• Sales forecasting
  • Territory management
  • Workflow engineering

Marketing automation

Marketing automation is the application of computerized technologies to support marketers and marketing managers in the achievement of their work-related objectives.

Marketing automation benefits:

  • Enhanced marketing efficiency
  • Greater marketing productivity
  • More effective maketing: closed-loop marketing (CLM), CLM is based on a plan-do-measure-learn cycle.
  • Enhanced responsiveness
  • Improved marketing intelligence
  • Improved marketing intelligence
  • Improved customer experience

Marketing automation functionality:

  • Asset management: what customers purchase, license, use, install or download. Track and identify.
  • Campaign management:
    • Workflow
    • Segmentation and targeting
    • Personalization
    • Execution
    • Measurement
    • Modelling
    • Reporting
  • Customer segmentation: methods used – cluster analysis, discriminant analysis, classification and regression threes (CART) and chi-square automatic interaction detection (CHAID).
  • Direct mail campaign management: making the right offer to the right person at the right time in the right way will produce greater success.
  • Document management
  • E-mail campaign management
  • Enterprise marketing management: it encompasses the business strategy, process automation end technology required to operate a marketing department effectively, align resources, execute customer-centric strategies and improve marketing performance.
  • Event-based marketing
  • Internet marketing
  • Keyword marketing
  • Lead generation
  • Loyalty management
  • Market segmentation
  • Marketing analytics: a cross-sectional analysis involves description at a single point of time. Longitudinal analyses involve repeated data collection about the same variables over time. Three types of analytics: standard reports, OLAP and data mining. Data mining used for: scores, predictions, descriptions, profiles.
  • Marketing optimization: goal oriented.
  • Marketing performance management
  • Marketing resource management: planning and budgeting, product launch, event calendaring, event planning and registration, project management, campaign planning, collateral production, digital asset management, expense and budget management, time management, media buying and procurement.
  • Partner marketing
  • Product lifecycle management
  • SEO
  • Telemarketing: autodialing, predictive dialing, automated voice-messaging, contact list management, agent management, do not call compliance, screen pop with caller ID, scripting, including objection response, computer-aided telephone interviewing (CATI), interactive voice response (IVR)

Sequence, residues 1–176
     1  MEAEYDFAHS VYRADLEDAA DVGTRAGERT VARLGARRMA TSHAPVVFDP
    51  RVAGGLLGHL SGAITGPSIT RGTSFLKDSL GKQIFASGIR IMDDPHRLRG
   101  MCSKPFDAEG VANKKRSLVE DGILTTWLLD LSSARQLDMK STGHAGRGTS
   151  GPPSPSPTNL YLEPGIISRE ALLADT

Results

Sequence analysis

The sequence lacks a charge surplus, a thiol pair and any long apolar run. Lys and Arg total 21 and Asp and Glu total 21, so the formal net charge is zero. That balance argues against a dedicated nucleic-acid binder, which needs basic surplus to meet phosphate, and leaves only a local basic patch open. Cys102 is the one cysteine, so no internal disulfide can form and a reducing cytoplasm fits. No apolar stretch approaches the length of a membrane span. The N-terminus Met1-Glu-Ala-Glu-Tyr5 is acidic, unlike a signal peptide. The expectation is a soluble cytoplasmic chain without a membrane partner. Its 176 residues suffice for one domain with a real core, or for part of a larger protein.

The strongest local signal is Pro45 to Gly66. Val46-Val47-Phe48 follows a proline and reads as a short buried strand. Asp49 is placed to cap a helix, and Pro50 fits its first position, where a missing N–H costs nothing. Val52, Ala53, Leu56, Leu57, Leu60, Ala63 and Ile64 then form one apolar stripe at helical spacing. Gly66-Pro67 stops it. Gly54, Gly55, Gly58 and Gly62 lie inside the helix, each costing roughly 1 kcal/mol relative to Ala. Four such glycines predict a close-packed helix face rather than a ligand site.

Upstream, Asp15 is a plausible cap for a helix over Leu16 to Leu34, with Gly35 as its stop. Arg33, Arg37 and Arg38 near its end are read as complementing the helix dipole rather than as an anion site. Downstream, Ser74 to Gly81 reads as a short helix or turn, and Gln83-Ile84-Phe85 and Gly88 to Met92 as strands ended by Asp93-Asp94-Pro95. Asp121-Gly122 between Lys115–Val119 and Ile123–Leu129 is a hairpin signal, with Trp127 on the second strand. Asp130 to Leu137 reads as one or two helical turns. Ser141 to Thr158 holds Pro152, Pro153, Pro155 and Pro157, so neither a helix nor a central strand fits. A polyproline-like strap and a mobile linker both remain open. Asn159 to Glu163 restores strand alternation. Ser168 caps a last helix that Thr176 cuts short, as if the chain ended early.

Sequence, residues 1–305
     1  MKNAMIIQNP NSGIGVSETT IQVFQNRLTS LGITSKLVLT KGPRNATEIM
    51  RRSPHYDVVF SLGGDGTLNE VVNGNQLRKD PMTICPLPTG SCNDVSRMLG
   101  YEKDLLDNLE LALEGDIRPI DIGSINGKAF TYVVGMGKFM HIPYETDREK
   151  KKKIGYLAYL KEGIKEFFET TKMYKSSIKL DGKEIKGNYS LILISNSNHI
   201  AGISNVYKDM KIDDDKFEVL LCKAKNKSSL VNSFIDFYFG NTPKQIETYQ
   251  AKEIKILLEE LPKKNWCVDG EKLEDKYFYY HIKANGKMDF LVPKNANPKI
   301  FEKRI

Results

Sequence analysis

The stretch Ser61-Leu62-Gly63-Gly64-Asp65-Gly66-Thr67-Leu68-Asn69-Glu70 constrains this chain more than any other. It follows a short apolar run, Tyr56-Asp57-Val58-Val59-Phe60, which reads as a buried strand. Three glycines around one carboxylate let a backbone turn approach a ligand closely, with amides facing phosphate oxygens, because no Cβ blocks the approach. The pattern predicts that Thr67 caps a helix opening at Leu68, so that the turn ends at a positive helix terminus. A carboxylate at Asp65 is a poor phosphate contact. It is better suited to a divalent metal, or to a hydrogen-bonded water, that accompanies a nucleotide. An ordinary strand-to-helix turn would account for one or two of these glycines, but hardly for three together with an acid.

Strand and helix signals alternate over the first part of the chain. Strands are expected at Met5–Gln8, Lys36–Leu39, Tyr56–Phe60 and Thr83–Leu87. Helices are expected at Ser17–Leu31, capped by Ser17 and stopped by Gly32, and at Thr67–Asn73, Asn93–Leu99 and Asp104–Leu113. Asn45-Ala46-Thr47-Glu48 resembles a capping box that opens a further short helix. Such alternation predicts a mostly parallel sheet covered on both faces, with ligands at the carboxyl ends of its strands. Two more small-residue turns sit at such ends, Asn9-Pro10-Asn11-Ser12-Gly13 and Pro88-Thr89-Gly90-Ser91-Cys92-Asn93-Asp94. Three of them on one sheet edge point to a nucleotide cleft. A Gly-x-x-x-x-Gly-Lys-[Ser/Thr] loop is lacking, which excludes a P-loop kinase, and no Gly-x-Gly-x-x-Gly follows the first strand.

• Trigger marketing
  • Web analytics

Service automation

Fred Wiersema talks about six common attributes for excellent customer services:

  • Customer service is pervasive
  • Their operations run smoothly with minimal product and service defects rates
  • Always looking for improvement
  • Customer service lies at the heart of value proposition
  • They build personal relationship with customers
  • They employee the latest IT

Service automation is the application of computerized technologies to support services staff and management in the achievement of their work. Service automation is used in five major contexts:

  • Contact centers
  • Call centers
  • Helpdesks
  • Field service
  • Web self-service

Service automation benefits:

  • Enhanced service effectiveness
  • Greater service productivity
  • Improved customer experience

Service automation functionalities:

  • Activity management
  • Agent management
  • Case assignment
  • Case management
  • Contract management
  • Customer self-service
  • E-mail response management
  • Escalation
  • Inbound communications management
  • Invoicing
  • Job management
  • Outbound communications management
  • Queuing and routing
  • Scheduling
  • Scripting
  • Service analytics
  • Service level management
  • Spare parts management
  • Web collaboration
  • Workflow engineering

Organizational issues and CRM

Some of the roles using CRM:

  • Sales representative are: deliverer, order taker, missionary, technician, demand creator and solution vendor.
  • Account manager: serving nominated customers or groups of customers.
  • Marketing manager: their core goal is to manage demand. They take care of target market selection and value proposition development.
  • Market analyst
  • Campaign manager
  • Market manager
  • Customer relationship manager
  • Customer service agent

Some of the organizational structures:

  • Functional structure
  • Geographical structure
  • Product, brand or category structure
  • Market or customer structure
  • Matrix structure (geography against industry; market or customer against product)

Motivation to adopt key account management structure:

  • Concentration of buying power
  • Globalization
  • Vendor reduction programs
  • More demanding customers